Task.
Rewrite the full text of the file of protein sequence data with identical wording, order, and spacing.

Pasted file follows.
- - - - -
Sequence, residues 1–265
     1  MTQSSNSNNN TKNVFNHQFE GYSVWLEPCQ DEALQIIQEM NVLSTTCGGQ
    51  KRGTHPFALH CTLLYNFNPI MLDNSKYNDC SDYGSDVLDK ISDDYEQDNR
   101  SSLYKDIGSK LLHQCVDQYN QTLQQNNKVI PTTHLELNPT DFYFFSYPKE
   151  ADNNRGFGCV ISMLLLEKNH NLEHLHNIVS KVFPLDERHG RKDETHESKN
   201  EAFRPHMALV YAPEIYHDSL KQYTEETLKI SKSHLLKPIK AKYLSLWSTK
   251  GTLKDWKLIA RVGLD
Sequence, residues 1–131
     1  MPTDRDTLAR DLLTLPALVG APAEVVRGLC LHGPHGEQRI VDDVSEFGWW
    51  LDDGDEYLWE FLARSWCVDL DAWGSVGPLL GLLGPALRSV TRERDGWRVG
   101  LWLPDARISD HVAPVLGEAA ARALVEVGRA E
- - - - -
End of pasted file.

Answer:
Sequence, residues 1–265
     1  MTQSSNSNNN TKNVFNHQFE GYSVWLEPCQ DEALQIIQEM NVLSTTCGGQ
    51  KRGTHPFALH CTLLYNFNPI MLDNSKYNDC SDYGSDVLDK ISDDYEQDNR
   101  SSLYKDIGSK LLHQCVDQYN QTLQQNNKVI PTTHLELNPT DFYFFSYPKE
   151  ADNNRGFGCV ISMLLLEKNH NLEHLHNIVS KVFPLDERHG RKDETHESKN
   201  EAFRPHMALV YAPEIYHDSL KQYTEETLKI SKSHLLKPIK AKYLSLWSTK
   251  GTLKDWKLIA RVGLD
Sequence, residues 1–131
     1  MPTDRDTLAR DLLTLPALVG APAEVVRGLC LHGPHGEQRI VDDVSEFGWW
    51  LDDGDEYLWE FLARSWCVDL DAWGSVGPLL GLLGPALRSV TRERDGWRVG
   101  LWLPDARISD HVAPVLGEAA ARALVEVGRA E